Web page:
During the fourth season of Mad Men Feministing writers will offer some of our thoughts on feminist moments, scenes, and themes in the new episodes in order to start a discussion about these topics in our community. This year we’ll help you get through the middle of the week wait for the next episode. *WARNING: Lots of spoilers follow.
Peggy and Abe hook up.
Hot hot hot. -Samhita
Ew ew ew! I love Peggy, but Pete, Duck, and now this self righteous guy? … OK, in all honestly, I just want her to hook up with Joyce. -Jos
Pete handles the Lucky Strike departure while Trudy is in labor, goes to a funeral after she delivers.
The juxtaposition of the funeral and the birth was interesting, poetic almost. Birth of a new time, death of an old client and this change will lead to some major restructuring at SCDP. Also, the ethos of business first, personal life was reconsolidated. It was acceptable for Pete not to be by Trudy’s side and it was also acceptable to go to a funeral in search of new clients. -Samhita
Good perspective Sami, totally didn’t catch that. Pete going to the funeral instead of the hospital was interesting — and I don’t doubt we’ll see more of this with him being a daddy now in terms of the lack of real presence that fathers had in their childrens’ lives during that time. It also reminds me of a conversation that I had with a friend some weeks ago about the fact that several working fathers with young children that she knew would always opt to go for drinks or to some other social function after work rather than spend time with their children. It’s like they avoid them. In short, I think this kind of attitude and acceptance still exists today (to a degree). -Vanessa
Roger pretends to visit Lucky Strike, seeks comfort from Joan. Joan: “I can’t do this anymore.”
Joan is so over Roger being an irresponsible child. Good for her!-Samhita
For decades, people have referred to women who do administrative work as “the backbone of this office” or something like that. What I really liked about this episode (and the last one) is that they show the toll that attitude takes. This season we’ve seen Joan constantly harassed and dismissed, only to be leaned on when things get tough. She has all of the responsibility of being the boss, with none of the respect. Roger’s treatment of her is just an extension of that. -Ann
Peggy’s sensual take on Playtex gloves, Abe’s “package delivery.”
I kind of want to hate him but can’t help loving Abe. -Ann
Don confides in Faye, asks her for insider information about other clients.
Business first! -Samhita
I’m glad they went there with the Don and Faye relationship. This dynamic — of a couple where both parties are successful in the working world — is one that’s been as yet completely unexplored in Mad Men, for obvious reasons. Questions of where to draw the line when you’re dating someone in the same professional field are still incredibly relevant. And I’m not surprised to see how this exchange went down between Don and Faye. I really hope that her decision to help him out doesn’t come back to bite her. -Ann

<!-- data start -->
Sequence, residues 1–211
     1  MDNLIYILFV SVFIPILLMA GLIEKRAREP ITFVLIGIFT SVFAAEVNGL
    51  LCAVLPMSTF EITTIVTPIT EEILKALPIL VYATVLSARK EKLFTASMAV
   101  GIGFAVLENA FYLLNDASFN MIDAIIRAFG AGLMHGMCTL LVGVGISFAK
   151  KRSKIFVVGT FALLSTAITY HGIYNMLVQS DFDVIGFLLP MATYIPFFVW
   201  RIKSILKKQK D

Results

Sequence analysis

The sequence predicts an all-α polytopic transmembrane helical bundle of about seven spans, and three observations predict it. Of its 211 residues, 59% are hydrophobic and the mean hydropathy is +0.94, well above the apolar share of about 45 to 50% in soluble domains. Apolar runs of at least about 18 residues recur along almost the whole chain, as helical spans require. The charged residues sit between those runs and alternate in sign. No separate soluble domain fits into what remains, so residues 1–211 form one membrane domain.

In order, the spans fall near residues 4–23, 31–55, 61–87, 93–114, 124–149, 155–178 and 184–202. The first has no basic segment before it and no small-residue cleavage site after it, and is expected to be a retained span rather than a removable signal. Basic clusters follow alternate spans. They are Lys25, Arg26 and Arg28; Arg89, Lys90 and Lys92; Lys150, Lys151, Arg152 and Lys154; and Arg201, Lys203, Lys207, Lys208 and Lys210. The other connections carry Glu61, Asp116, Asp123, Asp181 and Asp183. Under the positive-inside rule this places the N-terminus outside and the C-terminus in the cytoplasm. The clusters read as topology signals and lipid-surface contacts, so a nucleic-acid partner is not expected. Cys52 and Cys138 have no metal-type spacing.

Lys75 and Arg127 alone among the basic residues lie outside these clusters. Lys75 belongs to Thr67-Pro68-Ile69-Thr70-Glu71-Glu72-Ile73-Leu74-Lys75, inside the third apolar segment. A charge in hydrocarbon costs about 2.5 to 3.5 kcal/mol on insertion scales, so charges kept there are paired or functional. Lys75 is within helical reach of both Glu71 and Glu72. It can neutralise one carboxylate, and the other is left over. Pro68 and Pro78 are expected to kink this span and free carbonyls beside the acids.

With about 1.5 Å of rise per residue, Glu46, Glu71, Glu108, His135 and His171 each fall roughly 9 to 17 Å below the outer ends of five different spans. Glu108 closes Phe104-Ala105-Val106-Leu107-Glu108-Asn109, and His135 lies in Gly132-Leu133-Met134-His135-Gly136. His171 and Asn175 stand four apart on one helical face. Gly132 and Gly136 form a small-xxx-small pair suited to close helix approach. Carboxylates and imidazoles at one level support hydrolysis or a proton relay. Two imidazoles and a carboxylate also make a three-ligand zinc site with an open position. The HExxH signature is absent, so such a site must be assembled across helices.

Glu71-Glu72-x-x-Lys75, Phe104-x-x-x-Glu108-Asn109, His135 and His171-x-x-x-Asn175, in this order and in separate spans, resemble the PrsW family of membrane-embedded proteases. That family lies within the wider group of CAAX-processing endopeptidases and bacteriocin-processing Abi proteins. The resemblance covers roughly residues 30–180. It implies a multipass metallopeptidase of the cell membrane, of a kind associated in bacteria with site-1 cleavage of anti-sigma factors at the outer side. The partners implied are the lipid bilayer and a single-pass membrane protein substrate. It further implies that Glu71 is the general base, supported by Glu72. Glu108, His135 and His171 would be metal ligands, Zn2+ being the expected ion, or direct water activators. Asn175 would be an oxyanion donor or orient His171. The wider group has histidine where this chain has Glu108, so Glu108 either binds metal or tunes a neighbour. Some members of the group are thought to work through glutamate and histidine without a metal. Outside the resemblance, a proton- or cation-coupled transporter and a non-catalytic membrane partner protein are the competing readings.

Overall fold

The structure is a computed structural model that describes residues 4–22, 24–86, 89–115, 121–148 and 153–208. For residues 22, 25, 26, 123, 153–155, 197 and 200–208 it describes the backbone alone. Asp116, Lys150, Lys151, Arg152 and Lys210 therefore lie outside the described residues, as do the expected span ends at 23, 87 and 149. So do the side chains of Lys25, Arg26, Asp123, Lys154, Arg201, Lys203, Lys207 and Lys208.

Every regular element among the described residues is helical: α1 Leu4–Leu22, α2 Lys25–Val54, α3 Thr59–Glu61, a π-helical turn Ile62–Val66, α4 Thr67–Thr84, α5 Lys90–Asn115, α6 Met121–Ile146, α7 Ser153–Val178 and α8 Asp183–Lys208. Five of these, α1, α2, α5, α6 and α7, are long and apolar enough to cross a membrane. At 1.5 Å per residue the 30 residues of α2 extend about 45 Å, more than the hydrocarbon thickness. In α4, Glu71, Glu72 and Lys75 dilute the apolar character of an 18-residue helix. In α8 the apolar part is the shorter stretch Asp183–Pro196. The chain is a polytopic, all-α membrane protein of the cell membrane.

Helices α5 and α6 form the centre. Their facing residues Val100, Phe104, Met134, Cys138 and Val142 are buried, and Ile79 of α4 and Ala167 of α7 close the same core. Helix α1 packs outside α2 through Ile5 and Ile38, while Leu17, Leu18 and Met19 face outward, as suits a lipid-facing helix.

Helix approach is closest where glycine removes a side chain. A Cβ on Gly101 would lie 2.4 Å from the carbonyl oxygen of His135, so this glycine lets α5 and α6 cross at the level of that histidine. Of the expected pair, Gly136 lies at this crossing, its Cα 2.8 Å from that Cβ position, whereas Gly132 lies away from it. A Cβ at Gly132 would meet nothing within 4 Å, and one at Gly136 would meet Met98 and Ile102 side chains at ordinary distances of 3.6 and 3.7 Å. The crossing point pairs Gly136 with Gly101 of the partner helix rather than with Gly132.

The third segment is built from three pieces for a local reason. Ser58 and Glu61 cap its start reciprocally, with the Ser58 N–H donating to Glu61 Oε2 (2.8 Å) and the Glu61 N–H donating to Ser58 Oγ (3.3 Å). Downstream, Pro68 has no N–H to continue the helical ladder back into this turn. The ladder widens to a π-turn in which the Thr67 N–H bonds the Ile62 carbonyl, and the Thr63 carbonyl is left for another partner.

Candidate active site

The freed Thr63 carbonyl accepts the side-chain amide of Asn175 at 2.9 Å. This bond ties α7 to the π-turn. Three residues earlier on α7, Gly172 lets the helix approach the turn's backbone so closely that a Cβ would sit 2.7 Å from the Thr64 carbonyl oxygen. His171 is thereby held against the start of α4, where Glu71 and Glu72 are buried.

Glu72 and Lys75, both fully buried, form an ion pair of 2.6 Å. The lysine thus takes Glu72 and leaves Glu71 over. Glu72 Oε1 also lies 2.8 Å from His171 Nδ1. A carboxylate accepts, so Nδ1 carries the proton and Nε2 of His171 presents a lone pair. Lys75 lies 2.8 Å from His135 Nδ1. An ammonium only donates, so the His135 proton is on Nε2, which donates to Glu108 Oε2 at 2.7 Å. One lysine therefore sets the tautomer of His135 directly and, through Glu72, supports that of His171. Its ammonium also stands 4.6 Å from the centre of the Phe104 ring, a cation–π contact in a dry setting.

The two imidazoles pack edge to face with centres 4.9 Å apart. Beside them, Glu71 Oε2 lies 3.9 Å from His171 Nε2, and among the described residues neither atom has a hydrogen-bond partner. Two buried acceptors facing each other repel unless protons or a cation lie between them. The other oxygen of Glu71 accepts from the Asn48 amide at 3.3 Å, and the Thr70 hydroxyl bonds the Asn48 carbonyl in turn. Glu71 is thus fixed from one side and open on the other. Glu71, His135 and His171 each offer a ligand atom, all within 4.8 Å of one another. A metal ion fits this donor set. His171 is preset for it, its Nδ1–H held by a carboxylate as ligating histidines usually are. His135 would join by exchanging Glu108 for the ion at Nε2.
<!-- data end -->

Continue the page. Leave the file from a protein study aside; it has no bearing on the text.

Stan tricks Peggy into closing her eyes, kisses her. Peggy: “Why do you keep making me reject you?”
Hi, sexual harassment! Oh wait, that didn’t exist back then, did it. -Vanessa
Ah, so much narcissism bound up in the notion that, if Peggy seems a little turned on today, it must be because Stan is sooooo sexy. *facepalm.* -Ann
Peggy does the Playtex presentation with lipstick on her teeth.
Stan is such a petty asshole. -Ann
It seemed like the presentation went well, though! Seemed like Peggy got the sympathy vote, where I think last season we’d see her getting laughed about/at. I think the presentation going well has a lot to do with how Peggy’s gotten better at her job – she was confident and personable, so the client felt more like helping her than mocking her. -Jos
Don and Megan stay late, have sex.
Same ole Don. -Vanessa
What I did like about this scene was it revealed how complicated it is to sexualize the boss/employee relationship. Megan was the initiator, even though Don is clearly the one in a power position. Also, I wonder how honest Megan’s comment was that she wants to someday work on the creative team. If she was telling the truth, someone needs to grab her by the shoulders and ask, “How do you think Peggy got to be Peggy? By NOT screwing Don!” -Ann
Well that’s not what I expected. Megan’s been treated as just an eye candy secretary, made a few self-deprecating comments about her own work performance, and has been shown to be nurturing and good with children. So far on this show we’ve seen women who are focused on fulfilling pretty traditional gender roles or women who are focused on advancement at work. I was pleasantly surprised to learn about Megan’s professional goals. It was also nice to hear a conversation about expectations related to sex. Now, sleeping with Don? Probably still not such a good idea, beyond the sex part. -Jos
Roger and Jane, Don and Faye.
I think this is some negative foreshadowing about where Don and Faye’s relationship is headed… -Ann
Agreed. Roger and Don spent the episode leaning on women for support. And then we saw Jane and Faye each literally lean on them after Roger and Don’s strength was seriously undercut all episode and after we saw both men aren’t honest supports for these women. -Jos